Discover the Legacy of Daytona Beach Boat Club's History

Our Founding

We began as the Daytona Beach Outboard Club (DBOC) in the Spring of 1948, as evidenced by our activity submissions to “Motorboating,” a national magazine. DBOC was an off-shoot organization of The Exchange Club, a national faith-based service organization. The two clubs formally separated in September of 1948. The mission of the newly formed club was to organize and sponsor motor boat races, sailing regattas and fishing tournaments. Boat ownership was not a prerequisite to join, merely an interest in boating got you enrolled.

Our Location

Although our non-profit corporation was rooted in the late 1940’s, the club formally incorporated in 1956, the year the State of Florida granted the club the permission to establish a clubhouse on the lands of the south basin.

Building a new clubhouse, however, wasn’t quite that simple….

In 1955, the club requested a land donation from the City on a nearby parcel known as “City Island,” on the northside of the Municipal Yacht Basin occupied primarily by the Halifax River Yacht Club. For reasons unknown, this plan eventually fell through. Today, City Island is the home to the city’s library, a courthouse annex, and the Jackie Robinson Ballpark.

The basins

The club’s interest then turned toward the lands around the undeveloped south basin. Prior to 1954, the State of Florida owned this parcel of land that jutted-out into the Halifax River. It really wasn’t being used for anything other than as a congregation point for area “small craft” boaters, those with outboard engines whom could navigate the shallow waters of the south basin. There were no boat slips or marinas, unlike the neighboring Municipal Yacht Basin to the north.

The City of Daytona Beach acquired the south basin through Florida State Deed No. 20798 in November of 1954. This deed, however, included some restrictions that limited the city’s use of the land to recreational endeavors. The water front land could not be used for commercial or private purposes. This imposed a serious blockade for a private club who’s mission was to promote the recreational use of Daytona waters by organizing and sponsoring outboard races, sailing regattas, and fishing tournaments. It also posed a problem for the city, which wanted a cost-neutral draw to their newly obtained recreational water front.

Government in action

According to newspaper accounts of the time, there was considerable opposition to development of any kind in the south basin, primarily from a couple of high-rise residential buildings immediately west of the property on the mainland. Their complaints included that they prefer the view of the wetlands, and that any development may result in stagnant water and trigger relentless mosquito problems.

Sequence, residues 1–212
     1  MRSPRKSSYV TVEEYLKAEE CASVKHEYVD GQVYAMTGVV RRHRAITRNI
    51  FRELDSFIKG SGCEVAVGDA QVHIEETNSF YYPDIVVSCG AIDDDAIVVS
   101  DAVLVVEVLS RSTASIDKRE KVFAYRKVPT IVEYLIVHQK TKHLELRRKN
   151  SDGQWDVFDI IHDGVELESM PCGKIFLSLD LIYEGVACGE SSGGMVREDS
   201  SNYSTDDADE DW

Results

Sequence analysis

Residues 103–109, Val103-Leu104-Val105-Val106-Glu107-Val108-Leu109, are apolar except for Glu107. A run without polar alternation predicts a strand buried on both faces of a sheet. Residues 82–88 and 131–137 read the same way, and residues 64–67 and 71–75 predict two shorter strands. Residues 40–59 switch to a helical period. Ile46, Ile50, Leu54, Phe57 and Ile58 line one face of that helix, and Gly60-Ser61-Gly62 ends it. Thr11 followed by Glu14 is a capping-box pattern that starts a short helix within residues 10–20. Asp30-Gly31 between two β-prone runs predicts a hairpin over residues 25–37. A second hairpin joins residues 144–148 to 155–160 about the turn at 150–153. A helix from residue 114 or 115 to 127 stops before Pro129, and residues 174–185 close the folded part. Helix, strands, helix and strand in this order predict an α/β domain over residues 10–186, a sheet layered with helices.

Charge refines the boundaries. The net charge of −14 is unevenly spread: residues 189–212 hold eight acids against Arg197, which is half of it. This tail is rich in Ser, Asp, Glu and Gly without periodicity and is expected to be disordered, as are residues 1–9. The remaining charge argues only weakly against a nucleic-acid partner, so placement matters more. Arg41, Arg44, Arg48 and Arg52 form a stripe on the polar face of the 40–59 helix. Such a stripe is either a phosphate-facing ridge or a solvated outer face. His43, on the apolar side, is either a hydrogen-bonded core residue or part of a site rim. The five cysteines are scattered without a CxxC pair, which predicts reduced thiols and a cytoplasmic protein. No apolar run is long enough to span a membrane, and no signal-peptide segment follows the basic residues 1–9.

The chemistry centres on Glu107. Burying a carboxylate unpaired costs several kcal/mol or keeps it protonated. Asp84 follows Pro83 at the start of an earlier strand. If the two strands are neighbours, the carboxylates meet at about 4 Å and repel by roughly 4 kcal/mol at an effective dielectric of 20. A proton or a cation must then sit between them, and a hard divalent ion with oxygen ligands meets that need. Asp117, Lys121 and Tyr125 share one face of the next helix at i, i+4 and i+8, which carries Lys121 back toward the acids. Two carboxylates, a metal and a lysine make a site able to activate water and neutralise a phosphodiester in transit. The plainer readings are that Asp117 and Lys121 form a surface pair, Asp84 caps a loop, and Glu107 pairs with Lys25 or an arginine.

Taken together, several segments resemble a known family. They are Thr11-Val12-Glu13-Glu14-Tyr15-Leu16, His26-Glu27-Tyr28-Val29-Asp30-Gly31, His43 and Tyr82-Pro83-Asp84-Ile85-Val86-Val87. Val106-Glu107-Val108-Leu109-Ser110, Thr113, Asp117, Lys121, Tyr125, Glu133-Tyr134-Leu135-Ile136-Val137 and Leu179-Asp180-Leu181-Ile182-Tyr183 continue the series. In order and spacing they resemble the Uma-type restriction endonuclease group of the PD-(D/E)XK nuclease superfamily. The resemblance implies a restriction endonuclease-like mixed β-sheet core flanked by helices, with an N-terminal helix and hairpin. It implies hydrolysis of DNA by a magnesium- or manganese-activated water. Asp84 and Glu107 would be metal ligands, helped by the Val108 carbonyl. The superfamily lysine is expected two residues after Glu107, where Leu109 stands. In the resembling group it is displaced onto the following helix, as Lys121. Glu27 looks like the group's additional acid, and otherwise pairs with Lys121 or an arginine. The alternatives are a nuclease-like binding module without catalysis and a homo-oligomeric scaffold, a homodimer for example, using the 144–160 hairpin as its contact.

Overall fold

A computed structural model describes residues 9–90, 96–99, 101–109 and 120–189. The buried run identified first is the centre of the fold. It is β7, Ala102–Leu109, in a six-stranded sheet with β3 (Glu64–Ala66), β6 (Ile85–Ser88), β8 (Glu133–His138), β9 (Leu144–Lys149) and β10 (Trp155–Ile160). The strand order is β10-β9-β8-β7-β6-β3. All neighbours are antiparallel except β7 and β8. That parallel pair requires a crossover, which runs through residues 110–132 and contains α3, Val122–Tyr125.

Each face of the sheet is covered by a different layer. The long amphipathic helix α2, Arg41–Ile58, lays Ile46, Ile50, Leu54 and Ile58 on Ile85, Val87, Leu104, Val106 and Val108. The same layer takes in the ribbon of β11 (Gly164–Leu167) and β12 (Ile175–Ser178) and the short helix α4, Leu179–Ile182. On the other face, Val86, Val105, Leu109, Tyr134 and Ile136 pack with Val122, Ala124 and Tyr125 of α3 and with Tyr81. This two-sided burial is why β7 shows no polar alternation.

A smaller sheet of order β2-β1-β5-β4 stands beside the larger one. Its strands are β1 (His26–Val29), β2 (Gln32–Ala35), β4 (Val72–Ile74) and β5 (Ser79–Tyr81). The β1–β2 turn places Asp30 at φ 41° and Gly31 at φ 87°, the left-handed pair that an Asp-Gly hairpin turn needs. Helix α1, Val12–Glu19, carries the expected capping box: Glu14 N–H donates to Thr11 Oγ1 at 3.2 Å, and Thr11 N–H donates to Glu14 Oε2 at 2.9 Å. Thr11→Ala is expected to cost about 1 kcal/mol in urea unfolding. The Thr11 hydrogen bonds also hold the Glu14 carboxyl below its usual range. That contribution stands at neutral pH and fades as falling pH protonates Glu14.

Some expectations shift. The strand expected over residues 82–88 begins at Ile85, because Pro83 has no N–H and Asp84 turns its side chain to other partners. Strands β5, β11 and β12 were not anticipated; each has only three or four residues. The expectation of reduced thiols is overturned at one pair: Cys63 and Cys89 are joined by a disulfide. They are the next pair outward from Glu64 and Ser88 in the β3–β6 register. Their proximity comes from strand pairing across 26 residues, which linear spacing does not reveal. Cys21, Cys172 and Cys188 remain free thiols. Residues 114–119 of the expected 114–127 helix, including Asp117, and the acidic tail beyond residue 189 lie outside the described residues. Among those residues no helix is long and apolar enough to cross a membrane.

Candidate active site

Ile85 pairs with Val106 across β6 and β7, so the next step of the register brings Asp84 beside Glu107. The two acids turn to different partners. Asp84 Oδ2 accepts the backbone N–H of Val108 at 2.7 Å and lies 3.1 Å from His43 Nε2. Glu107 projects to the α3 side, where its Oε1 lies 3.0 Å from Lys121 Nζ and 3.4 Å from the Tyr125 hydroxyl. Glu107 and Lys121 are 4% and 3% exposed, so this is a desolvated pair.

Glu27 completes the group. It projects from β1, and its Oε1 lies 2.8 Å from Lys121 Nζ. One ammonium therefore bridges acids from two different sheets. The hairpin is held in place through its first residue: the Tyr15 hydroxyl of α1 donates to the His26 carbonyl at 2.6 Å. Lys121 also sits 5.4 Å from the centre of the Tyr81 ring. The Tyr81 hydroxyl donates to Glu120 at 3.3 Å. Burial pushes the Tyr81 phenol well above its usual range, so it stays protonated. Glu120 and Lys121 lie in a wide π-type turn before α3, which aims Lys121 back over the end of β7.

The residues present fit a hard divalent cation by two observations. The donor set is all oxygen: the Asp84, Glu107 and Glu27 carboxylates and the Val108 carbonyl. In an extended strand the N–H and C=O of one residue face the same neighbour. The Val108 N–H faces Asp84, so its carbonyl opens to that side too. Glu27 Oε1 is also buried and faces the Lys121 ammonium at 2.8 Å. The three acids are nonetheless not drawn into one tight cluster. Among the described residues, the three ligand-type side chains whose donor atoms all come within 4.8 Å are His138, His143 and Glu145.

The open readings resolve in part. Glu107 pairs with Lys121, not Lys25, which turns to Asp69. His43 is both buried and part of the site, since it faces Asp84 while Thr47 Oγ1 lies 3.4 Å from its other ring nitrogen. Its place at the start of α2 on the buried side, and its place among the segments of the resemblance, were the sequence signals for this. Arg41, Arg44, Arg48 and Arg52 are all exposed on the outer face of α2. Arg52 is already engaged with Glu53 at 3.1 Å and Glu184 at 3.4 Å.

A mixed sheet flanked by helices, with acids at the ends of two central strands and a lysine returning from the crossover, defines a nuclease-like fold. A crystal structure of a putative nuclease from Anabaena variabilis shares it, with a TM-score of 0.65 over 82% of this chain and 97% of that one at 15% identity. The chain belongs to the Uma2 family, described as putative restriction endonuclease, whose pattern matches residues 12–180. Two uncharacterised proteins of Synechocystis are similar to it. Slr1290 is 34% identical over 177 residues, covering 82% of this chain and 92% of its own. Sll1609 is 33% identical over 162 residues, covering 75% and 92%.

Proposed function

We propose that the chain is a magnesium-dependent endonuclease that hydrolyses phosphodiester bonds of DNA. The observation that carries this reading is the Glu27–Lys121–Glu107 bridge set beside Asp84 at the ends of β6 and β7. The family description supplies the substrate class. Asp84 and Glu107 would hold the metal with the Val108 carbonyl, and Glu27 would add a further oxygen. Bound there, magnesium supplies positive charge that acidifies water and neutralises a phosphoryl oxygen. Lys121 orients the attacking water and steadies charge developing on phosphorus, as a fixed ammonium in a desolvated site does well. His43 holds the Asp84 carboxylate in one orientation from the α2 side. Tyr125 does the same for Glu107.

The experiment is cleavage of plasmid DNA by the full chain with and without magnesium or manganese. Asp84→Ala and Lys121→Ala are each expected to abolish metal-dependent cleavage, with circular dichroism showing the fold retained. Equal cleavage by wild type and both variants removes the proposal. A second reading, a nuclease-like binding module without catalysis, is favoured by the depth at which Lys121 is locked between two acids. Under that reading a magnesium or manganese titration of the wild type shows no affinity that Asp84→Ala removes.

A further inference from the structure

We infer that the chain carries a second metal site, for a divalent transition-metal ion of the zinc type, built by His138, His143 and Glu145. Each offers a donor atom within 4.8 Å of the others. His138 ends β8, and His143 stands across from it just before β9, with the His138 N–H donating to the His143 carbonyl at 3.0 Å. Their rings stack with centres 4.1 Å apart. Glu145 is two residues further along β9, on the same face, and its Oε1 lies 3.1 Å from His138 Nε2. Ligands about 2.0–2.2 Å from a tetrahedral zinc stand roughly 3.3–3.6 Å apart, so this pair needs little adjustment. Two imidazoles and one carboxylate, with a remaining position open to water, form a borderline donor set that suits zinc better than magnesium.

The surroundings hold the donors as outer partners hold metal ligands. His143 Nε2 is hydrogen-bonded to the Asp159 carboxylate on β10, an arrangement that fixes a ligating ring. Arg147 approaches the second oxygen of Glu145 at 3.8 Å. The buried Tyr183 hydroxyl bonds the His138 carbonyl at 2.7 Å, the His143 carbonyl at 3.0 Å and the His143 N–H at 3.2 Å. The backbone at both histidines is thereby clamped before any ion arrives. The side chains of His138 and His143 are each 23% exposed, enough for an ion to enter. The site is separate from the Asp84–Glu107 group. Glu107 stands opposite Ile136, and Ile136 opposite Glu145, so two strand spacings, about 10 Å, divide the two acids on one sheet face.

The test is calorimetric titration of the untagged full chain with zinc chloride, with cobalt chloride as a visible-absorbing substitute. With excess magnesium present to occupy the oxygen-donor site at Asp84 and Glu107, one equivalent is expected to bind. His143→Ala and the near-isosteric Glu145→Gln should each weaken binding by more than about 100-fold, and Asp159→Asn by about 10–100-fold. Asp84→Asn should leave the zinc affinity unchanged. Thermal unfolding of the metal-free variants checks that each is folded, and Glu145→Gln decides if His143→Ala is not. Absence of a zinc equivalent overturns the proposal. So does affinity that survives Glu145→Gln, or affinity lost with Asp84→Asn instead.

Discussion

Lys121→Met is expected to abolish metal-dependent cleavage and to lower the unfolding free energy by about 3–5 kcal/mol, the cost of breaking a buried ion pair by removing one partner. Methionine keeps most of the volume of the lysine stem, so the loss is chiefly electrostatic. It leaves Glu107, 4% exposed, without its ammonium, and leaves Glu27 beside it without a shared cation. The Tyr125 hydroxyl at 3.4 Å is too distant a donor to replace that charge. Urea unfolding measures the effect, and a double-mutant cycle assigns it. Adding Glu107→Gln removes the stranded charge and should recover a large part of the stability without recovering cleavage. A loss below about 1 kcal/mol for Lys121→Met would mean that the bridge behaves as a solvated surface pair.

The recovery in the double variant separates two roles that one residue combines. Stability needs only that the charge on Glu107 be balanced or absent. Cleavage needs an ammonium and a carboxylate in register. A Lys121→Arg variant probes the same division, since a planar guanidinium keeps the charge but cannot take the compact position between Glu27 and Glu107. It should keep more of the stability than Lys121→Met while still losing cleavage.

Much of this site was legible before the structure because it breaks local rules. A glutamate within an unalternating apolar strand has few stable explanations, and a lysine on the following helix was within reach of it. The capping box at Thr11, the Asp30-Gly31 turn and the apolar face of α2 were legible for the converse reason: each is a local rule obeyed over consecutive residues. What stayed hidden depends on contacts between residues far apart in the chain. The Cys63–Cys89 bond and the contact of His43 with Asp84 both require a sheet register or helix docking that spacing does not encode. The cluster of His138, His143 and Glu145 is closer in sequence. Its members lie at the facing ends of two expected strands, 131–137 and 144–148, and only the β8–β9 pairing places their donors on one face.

The club hired a young local attorney, J. Kermit Coble, in practice for only four years. Coble worked this issue up through the ranks of state government, resulting in a resolution signed on June 12 of 1956 by Florida Governor LeRoy Collins. It specifically granted the City of Daytona Beach the permission to lease the club a section of land provided in Deed No. 20798.

Fundraising efforts begin

Fundraising commenced almost immediately by the members of the club under our first Commodore Thomas Wilhelm. A newspaper article published less than thirty days after the Resolution promoted “all you can eat fish fries” for one dollar per person. Funding was absolutely imperative, as the club’s purpose focused on accessing surrounding waters by small boats and their owners. The downtown area already had a “yacht club” in the north basin for the more well-to-do; our purpose was to attract everyone else.

The groundbreaking

The club held three years’ worth of fishfry fundraisers on this desolate spot. The original building cost estimate of $5000 ended up three-times more at $15,000. By September 1959, enough funds had been raised to break ground. The crowning achievement of the charter members came to fruition on Sunday, January 30 of 1960 with the dedication ceremony of the new clubhouse. Many different boat clubs along the east coast of Florida were invited to the event with about fifteen of them sending representatives.

Incidentally, J. Kermit Coble’s success as an attorney blossomed over the subsequent decades. Aside from the boat club, his clients included actor John Travolta, and most importantly to our club, William Chappell.

US Representative William “Bill” Chappell (D-Fla) was very instrumental during the 1960's and 70's. Working with our club members, he helped our city gain matching federal and state government grants to build the Daytona Small Craft Harbor, which evolved to become better known today as Halifax Harbor Marina.